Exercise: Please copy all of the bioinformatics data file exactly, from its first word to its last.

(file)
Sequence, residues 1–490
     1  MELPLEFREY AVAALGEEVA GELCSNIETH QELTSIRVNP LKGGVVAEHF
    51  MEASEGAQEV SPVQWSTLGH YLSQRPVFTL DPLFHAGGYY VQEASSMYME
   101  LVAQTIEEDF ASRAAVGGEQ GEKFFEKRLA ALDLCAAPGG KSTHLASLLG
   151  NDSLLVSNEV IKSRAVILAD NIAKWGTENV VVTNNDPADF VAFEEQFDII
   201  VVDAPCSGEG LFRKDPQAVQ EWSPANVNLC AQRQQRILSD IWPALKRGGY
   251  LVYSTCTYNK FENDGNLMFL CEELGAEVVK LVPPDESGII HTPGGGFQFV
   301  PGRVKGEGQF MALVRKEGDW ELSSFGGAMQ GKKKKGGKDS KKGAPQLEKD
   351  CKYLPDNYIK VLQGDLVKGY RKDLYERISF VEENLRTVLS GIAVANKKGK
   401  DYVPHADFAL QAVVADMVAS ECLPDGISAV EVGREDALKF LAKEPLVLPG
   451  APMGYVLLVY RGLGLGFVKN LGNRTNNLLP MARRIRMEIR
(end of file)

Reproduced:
Sequence, residues 1–490
     1  MELPLEFREY AVAALGEEVA GELCSNIETH QELTSIRVNP LKGGVVAEHF
    51  MEASEGAQEV SPVQWSTLGH YLSQRPVFTL DPLFHAGGYY VQEASSMYME
   101  LVAQTIEEDF ASRAAVGGEQ GEKFFEKRLA ALDLCAAPGG KSTHLASLLG
   151  NDSLLVSNEV IKSRAVILAD NIAKWGTENV VVTNNDPADF VAFEEQFDII
   201  VVDAPCSGEG LFRKDPQAVQ EWSPANVNLC AQRQQRILSD IWPALKRGGY
   251  LVYSTCTYNK FENDGNLMFL CEELGAEVVK LVPPDESGII HTPGGGFQFV
   301  PGRVKGEGQF MALVRKEGDW ELSSFGGAMQ GKKKKGGKDS KKGAPQLEKD
   351  CKYLPDNYIK VLQGDLVKGY RKDLYERISF VEENLRTVLS GIAVANKKGK
   401  DYVPHADFAL QAVVADMVAS ECLPDGISAV EVGREDALKF LAKEPLVLPG
   451  APMGYVLLVY RGLGLGFVKN LGNRTNNLLP MARRIRMEIR